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Citing Business Sources in APA Style

A guide to citing business information sources according the the Publication Manual of the American Psychological Association, 7th edition

2. Citing references in the text of your assignment

APA Style uses the author-date citation system (rather than footnotes or endnotes), which are often called in-text citationsparenthetical citations, or narrative citations. These are discussed in the Seventh Edition in Chapter 8, Works Credited in the Text. 

  • You must include an in-text citation whenever you directly quote from another work, or when you paraphrase an idea from another work.
  • You must include a page number in in-text citations for direct quotations, and you are encouraged to include them when you paraphrase.
  • There must be a corresponding Reference List entry for every in-text citation.

2.1: Examples of in-text citations with page numbers (print or online)

To cite a source in the text of your written assignment, indicate the last name of the author(s), or if there is no author, the first few words of the document title (in quotation marks), then the page, chapter, figure, or table numbers (if applicable). Narrative citations incorporate the author's name and date of publication within the text. Parenthetical citations place the author and date in parentheses after a quotation or paraphrase. If a publication was written by an organization (such as an association, corporation, or other type of group), then you need to spell out the name of the group in full.

You must provide a specific page number (or specific part) when quoting directly from a source, and you are encouraged to to do so when paraphrasing.

  • Example of a narrative citation for a direct quotation:

...according to Ojala (2006), “transformational librarians look at the changes in the information world and take advantage of those changes to enhance their roles”(p. 5).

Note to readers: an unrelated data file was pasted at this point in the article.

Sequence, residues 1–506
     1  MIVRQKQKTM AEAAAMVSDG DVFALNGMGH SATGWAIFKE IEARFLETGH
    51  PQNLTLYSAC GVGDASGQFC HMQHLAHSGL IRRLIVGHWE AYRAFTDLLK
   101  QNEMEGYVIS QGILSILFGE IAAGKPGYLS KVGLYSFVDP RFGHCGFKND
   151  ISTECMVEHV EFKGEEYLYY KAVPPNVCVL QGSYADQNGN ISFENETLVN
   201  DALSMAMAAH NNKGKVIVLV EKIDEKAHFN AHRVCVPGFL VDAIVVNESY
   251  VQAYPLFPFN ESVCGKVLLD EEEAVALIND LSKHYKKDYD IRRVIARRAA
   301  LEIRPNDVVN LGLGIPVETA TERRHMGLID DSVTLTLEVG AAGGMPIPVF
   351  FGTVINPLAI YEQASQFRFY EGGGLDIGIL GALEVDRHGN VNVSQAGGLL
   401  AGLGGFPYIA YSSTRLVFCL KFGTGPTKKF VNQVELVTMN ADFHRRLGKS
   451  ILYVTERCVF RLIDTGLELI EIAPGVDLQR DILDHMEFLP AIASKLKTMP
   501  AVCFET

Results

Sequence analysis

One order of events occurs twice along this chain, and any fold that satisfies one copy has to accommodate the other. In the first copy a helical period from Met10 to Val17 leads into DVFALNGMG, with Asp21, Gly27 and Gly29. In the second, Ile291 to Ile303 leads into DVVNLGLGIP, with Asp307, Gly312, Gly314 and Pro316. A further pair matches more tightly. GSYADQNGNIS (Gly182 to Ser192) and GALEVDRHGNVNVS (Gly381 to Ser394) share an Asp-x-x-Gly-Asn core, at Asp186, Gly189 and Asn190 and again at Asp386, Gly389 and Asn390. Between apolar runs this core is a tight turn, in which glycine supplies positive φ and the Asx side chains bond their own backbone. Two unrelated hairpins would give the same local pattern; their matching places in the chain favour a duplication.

• Example of a parenthetical citation for a direct quotation with multiple authors:

..."teams at the top are the most difficult" (Katzenbach & Smith, 1999, p. 3).

  • Example of an in-text citation for a paraphrase (one author):

There are nine ways to build demand through marketing (Kotler, 1999, p. 47).

  • Example of an in-text citation for a paraphrase (group author):

         Financial literacy is an essential skill for Canadians (Task Force on Financial Literacy, 2010, p. 4).

  • Example of an in-text citation for a paraphrase (no author):

Facebook addicts are a great target market ("Your piece of Facebook action", 2012, p. 11).

 

2.2: Examples of in-text citations without page numbers

Indicate the last name of the author(s) or, if there is no author, the first few words of the document title (in quotation marks), then the year of publication, then cite the nearest heading and the number of the paragraphs following, preceded by the abbreviation para.

1. Example of an in-text citation, personal author:

Parking meters and vending machines must be reprogrammed to accept the new loonie and toonie (Caton, 2012,  para. 5).

2. Example of an in-text citation, group author:

Vending machines are a key retail channel in captive locations such as hospitals (Euromonitor, 2012, Trends section, para. 4).

2.3: Two or more works, same author, same year.

In order to differentiate between two or more works by the same author that were published in the same year, assign letter suffixes to the publication year, both in the in-text citation and in the corresponding entries in the reference list.

         1. Example (group author):

(Datamonitor, 2011a, p.2)

(Datamonitor, 2011b, p.5)

2. Example (personal author):

(Porter & Rivkin, 2012a, p. 54)

(Porter & Rivkin, 2012b, p.80)